Teeland, John

1863-1951 | Gold Prospector and Miner, and Pioneer


John Teeland was born in Oslo, Norway, on August 16, 1863, the son of Nels Teeland and Gunhel Germundson.[1] In 1882, he immigrated to the United States.[2]

The lure of gold carried Teeland to nearly every major gold strike in Alaska, including discoveries located inside of the Arctic Circle. Teeland arrived in Dyea, Alaska, in 1898 en route to the Klondike gold fields via Chilkoot Pass. He spent two years prospecting on Bonanza and Eldorado Creeks, and, like many others, he found the good claims were already staked. He left for Fairbanks after learning of the strike at Pedro Dome, and staked several claims on Cleary Creek and at Fox Gulch.

In about 1903, Teeland traveled to Seattle, Washington, where he met Kate Norris, who had come to the United States a few years earlier. She was born in Ireland in 1887. On August 7, 1906, they were married in Seattle, King County, Washington.[3] He persuaded her to join him in Alaska to prospect for gold, and they returned to Fairbanks. They obtained a grubstake and built a cabin on Cleary Creek, trying to strike it rich.

In spring 1907, the Teelands left for Nome following news of additional gold discoveries there, with rumors of gold lying on the beach ready to be picked up at will. After discovering that the good claims had been staked, they returned to Cleary Creek on the last boat upriver from Saint Michael.[4]

The next strike that attracted Teeland’s attention was at Ruby, on the Yukon River. By then, the family included three children: Walter (born in Nome in 1907); Hazel (born in Nome in 1908); and Mabel (born in Goldstream in 1909). They headed down the Yukon to Ruby on a raft but discovered that all of the good claims had been staked. He acquired several horses and earned a living as a teamster by freighting supplies from Yukon River ports to miners and by blacksmithing for the next ten years. While living in Ruby, the family lost practically all of their personal possessions in a fire, which destroyed their residence. Around 1907, he was also naturalized as a U.S. citizen, probably at the U.S. District Court at Ruby.[5]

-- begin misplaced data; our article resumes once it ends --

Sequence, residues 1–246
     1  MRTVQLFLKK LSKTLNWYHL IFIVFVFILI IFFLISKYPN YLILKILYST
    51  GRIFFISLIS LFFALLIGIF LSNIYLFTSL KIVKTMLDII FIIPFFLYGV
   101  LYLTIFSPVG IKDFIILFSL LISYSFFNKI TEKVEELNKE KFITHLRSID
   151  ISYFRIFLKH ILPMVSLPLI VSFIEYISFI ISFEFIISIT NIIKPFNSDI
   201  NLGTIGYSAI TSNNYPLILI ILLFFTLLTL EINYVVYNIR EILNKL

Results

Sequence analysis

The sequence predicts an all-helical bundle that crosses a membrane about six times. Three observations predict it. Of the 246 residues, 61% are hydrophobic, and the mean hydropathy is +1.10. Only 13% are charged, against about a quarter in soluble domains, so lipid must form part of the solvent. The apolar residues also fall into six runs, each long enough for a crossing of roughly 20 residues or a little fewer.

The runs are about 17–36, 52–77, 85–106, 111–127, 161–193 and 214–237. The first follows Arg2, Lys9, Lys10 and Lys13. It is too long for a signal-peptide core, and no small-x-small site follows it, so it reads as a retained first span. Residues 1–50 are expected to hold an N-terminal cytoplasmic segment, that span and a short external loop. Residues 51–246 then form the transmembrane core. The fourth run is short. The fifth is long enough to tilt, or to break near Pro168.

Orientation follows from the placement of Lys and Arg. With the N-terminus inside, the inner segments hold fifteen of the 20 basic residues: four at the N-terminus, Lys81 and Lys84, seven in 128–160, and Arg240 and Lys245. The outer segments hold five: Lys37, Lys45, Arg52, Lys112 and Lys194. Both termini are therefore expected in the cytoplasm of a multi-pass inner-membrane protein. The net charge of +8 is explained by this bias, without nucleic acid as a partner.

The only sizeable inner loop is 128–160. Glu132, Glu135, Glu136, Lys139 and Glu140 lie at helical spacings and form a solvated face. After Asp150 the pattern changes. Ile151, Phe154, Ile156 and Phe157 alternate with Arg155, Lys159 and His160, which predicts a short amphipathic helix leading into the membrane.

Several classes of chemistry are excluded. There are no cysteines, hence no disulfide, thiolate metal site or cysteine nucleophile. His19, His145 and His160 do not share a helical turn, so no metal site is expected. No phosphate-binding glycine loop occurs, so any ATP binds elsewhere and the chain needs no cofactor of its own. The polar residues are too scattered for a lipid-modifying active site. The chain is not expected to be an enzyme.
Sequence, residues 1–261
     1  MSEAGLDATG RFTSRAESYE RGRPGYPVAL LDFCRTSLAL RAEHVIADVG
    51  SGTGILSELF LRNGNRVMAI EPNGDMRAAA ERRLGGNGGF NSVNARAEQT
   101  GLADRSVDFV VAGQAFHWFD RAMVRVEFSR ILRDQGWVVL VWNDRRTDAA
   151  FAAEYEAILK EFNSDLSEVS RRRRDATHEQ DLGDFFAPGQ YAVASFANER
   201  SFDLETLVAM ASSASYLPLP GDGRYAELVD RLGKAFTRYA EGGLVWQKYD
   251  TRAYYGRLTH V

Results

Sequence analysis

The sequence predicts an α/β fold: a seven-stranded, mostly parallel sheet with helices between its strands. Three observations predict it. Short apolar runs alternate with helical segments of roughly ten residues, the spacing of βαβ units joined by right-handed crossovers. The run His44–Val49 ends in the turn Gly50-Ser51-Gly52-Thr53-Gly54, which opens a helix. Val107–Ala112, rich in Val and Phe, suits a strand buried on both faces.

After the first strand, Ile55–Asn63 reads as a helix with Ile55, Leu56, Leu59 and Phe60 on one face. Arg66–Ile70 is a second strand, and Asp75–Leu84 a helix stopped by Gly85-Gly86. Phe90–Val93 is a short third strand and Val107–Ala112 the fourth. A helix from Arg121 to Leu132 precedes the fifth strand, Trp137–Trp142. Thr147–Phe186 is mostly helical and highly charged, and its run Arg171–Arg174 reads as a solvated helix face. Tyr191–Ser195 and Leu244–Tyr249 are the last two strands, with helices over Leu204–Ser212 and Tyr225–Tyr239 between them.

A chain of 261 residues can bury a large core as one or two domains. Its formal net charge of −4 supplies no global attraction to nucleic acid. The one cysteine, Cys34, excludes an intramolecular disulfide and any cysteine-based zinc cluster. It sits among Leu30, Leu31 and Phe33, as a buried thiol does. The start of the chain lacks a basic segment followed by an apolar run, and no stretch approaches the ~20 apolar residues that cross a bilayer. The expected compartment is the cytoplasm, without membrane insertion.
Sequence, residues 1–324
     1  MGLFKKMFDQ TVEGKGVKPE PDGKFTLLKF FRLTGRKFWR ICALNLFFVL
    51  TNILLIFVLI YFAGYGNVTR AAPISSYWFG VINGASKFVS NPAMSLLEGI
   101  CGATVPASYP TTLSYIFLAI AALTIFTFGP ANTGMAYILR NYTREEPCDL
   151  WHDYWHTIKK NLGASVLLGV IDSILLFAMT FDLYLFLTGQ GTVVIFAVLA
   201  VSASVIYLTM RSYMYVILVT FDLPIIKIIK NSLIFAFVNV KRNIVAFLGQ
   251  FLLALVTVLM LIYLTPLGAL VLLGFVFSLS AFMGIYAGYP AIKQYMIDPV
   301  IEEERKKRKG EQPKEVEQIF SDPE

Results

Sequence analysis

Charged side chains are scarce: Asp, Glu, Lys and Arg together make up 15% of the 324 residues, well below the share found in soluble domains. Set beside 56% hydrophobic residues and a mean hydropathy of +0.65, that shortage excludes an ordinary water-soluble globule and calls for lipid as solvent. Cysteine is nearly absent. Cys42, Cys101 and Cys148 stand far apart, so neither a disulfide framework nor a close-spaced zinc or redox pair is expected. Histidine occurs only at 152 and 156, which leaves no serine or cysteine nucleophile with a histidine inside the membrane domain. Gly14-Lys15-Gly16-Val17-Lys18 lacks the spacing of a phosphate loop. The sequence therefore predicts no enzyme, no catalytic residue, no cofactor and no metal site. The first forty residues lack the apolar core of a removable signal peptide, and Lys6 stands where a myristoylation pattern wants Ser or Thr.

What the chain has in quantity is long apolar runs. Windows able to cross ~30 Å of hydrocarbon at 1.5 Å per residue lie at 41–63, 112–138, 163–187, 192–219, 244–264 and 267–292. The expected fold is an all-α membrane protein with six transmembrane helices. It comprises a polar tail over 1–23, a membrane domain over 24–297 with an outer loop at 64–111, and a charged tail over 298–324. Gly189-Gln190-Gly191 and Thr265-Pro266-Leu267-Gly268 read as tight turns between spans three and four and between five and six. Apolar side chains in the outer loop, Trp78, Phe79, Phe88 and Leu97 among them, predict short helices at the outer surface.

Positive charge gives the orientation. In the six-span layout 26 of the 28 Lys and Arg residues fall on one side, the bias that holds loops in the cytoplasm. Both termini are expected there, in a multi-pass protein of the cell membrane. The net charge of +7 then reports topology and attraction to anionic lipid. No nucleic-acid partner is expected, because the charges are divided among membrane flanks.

Teeland’s last venture was at the gold strike at Wiseman on the Koyukuk River in 1915. Here, his family spent a tough winter of minus sixty-degree weather, living in a small cabin. A near tragedy occurred to daughter May, who was born in Ruby in 1913. In Hughes, where the family had stopped to provision for the trip up to Coldfoot and Wiseman, she was attacked by three loose dogs and seriously injured. May required medical help, and was taken by her father downriver to Nulato, where she was treated by a Dr. Lamb. Upon examination by the physician, it was determined that she had sustained a broken jaw bone and severe injuries to the head and face.[6] Teeland left the rest of the family at Hughes for three weeks while he made the one-hundred-mile trip. Before he left for Nulato, however, he went hunting and found May's three attackers tied up at the rear of their owner's store. He promptly dispensed with the dogs with a twelve-gauge shotgun.

In l921, with the gold fever subsiding, Teeland moved the family to Nenana, where he obtained employment with the Alaskan Engineering Commission (AEC), the federal agency in charge of building the Alaska Railroad. In 1923, he and his family moved to Anchorage, which became their permanent home. Their daughter, May Teeland, graduated from Anchorage High School with the class of 1932.[7]

John Teeland died at Providence Hospital in Anchorage on October 5, 1951, from burns suffered when an early morning fire swept through his Mountain View home. He is buried in the Pioneer Tract of Anchorage Memorial Park Cemetery.[8]